SCHENECTADY — Call it a Thanksgiving miracle. Or, perhaps more fittingly, a successful Hail Mary that put the team up by six with just seconds left in the fourth quarter.
Whatever you call it, Billy Kent, president for Schenectady-Belmont Pop Warner, is grateful. As are the more than two dozen 9- and 10-year-olds that make up the Schenectady-Belmont Pop Warner football team.
Following a 10-0 season that saw the team become state champs, the team earned a chance to compete for a national title. All that stood in the way was a $35,000 fundraising goal needed to cover the cost of travel and hotel fees to travel to Orlando, Florida.
With time running out — the playoffs begin Dec. 4 — the odds seemed insurmountable, even for a team that managed to plow through everything that stood in their way.
Then the community rallied around the cause, much like they’ve done all season, said Kent, who became president of the Schenectady Pop Warner program earlier this year following years of involvement.
In a matter of days, the team exceeded its fundraising goal, reaching $38,125 as of Wednesday afternoon, via a GoFundMe campaign launched earlier this week.
The team will travel to Florida, and the extra money raised will cover the travel costs for the program’s three cheerleading teams that were also invited to compete, and help cover the cost for new uniforms and equipment for future seasons.
“I’m overwhelmed with joy and just general positive energy just to know that these kids are going to be able to experience something a lot of them haven’t been able to experience to this point,” Kent said moments after learning the team will be able to compete.
Hundreds of community members donated to the cause, including several local businesses, after news of the program’s situation began to spread.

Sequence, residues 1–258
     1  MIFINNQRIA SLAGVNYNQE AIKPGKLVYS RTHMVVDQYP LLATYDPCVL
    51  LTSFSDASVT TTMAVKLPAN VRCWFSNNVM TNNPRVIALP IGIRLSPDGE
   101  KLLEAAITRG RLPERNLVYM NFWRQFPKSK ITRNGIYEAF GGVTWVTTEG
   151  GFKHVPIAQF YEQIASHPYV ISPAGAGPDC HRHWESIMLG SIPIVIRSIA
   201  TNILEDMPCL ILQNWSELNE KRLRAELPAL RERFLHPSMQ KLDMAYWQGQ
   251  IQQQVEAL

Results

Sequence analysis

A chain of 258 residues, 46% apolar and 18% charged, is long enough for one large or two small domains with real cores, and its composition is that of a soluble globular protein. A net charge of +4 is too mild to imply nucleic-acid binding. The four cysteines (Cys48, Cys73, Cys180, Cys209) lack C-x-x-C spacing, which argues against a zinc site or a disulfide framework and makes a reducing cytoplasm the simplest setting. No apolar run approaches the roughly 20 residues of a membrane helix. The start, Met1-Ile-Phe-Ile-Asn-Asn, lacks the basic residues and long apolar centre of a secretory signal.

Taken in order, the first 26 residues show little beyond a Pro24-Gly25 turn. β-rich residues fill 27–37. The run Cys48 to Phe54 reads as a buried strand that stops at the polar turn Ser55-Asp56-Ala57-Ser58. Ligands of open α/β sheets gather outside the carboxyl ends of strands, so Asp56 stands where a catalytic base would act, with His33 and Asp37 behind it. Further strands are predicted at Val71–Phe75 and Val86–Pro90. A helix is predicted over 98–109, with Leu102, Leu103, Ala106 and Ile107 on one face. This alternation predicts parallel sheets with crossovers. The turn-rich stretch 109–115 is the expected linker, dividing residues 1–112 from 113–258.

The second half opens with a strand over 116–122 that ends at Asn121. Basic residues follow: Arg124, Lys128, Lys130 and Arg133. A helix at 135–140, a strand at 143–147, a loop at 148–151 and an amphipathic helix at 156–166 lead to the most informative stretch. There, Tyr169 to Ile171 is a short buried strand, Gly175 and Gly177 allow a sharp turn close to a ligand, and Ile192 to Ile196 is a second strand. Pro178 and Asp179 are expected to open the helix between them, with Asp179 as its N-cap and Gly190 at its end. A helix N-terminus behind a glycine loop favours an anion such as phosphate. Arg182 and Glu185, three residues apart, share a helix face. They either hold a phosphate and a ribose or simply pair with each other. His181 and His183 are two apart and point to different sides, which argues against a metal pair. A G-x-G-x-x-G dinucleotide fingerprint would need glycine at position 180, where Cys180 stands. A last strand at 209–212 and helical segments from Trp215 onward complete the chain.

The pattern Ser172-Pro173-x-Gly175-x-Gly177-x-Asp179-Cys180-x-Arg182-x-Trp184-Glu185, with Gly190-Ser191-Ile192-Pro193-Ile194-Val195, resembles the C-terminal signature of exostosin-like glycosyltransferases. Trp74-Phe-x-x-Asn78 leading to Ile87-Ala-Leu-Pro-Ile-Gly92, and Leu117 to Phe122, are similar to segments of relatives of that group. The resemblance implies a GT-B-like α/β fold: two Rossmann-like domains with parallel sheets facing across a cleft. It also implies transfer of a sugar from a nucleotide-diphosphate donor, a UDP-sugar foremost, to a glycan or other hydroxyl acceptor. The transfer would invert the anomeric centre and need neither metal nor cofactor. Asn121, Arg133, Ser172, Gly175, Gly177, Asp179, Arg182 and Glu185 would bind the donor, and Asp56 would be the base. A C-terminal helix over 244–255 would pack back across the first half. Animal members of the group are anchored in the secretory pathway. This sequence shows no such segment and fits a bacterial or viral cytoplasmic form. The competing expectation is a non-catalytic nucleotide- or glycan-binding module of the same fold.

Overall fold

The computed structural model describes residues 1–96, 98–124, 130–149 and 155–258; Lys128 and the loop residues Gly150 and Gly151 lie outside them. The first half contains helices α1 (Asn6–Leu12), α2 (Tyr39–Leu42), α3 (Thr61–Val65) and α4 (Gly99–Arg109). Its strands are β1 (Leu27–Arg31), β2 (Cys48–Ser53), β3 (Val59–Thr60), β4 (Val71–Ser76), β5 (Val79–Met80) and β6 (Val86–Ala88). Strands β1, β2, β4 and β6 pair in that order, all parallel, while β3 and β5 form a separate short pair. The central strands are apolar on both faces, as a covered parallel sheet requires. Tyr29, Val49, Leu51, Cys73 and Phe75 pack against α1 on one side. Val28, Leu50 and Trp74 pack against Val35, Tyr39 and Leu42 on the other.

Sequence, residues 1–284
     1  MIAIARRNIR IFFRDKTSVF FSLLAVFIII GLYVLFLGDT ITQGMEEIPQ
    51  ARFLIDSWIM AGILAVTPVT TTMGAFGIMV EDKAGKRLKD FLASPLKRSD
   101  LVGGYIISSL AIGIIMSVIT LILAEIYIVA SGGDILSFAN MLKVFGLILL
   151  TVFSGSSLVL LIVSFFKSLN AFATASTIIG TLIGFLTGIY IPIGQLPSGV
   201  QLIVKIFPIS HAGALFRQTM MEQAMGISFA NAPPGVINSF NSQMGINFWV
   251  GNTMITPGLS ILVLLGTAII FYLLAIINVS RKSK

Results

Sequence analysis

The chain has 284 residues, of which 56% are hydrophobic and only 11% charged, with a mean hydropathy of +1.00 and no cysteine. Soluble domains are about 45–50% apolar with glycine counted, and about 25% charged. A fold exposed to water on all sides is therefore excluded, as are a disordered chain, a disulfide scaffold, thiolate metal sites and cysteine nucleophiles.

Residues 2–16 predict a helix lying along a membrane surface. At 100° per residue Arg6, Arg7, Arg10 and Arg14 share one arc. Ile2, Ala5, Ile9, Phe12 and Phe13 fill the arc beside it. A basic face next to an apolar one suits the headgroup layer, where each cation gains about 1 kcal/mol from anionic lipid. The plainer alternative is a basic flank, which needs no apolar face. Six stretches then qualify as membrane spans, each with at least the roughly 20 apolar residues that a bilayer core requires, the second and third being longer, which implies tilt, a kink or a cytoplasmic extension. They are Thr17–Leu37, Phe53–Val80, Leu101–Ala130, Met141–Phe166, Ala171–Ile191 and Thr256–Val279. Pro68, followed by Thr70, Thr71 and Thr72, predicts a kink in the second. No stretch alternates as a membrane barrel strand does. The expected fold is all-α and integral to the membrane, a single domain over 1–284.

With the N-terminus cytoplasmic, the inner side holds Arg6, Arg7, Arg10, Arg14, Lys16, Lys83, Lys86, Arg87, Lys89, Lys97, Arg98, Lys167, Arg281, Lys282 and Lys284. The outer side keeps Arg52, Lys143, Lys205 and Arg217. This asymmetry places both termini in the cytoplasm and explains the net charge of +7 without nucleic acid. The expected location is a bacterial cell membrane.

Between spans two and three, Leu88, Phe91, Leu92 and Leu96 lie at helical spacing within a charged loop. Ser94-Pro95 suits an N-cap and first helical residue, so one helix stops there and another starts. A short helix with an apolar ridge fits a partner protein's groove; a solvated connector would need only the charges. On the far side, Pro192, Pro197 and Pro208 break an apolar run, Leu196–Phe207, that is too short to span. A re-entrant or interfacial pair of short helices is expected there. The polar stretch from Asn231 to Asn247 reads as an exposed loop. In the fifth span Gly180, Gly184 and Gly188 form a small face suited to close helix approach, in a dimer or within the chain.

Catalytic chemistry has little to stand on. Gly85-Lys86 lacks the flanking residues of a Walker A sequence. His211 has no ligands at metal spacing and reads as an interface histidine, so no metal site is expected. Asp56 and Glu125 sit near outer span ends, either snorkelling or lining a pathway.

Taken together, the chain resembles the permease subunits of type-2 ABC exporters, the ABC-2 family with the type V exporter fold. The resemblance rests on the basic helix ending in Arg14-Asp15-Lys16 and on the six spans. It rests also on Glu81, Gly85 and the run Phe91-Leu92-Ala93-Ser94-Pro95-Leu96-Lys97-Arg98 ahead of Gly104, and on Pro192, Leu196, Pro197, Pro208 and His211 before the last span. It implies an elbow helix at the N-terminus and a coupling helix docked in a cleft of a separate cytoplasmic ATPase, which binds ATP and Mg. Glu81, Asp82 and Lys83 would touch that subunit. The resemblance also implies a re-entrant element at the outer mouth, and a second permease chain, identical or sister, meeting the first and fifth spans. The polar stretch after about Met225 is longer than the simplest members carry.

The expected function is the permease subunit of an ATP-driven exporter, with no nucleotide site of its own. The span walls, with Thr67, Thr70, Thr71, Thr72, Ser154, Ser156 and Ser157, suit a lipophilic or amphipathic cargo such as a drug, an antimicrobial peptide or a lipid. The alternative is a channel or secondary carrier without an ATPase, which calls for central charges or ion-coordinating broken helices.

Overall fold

Mohawk Honda and OrthoNY each donated $5,000 to the cause, and several donations of $500 and $1,000 were made within hours of each other.
Kent said the program has a profound impact on the more than 200 children who compete on the program’s five football teams and four cheerleading teams. He hopes to grow the program to 500 next year and eliminate any sign-up fees.
The lessons, he said, extend beyond the field.
“We preach family, we preach love. We preach being a nice person, a kind person and we show how you can still be tough but you can also be kind. How you can still be competitive but you can also still be compassionate,” he said. “The kids have really taken to that and they are really understanding that.”
Kent said the community’s support will help solidify those lessons.
“They’ve put all this work in and they’ve done all the right things, and now they’re getting shown all that love and respect back,” he said. “I think this is the kind of thing that will help them grow into much better young adults than if they may not have had these types of opportunities.”
Contact reporter Chad Arnold at: 518-410-5117 or [email protected]. Follow him on Twitter: @ChadGArnold.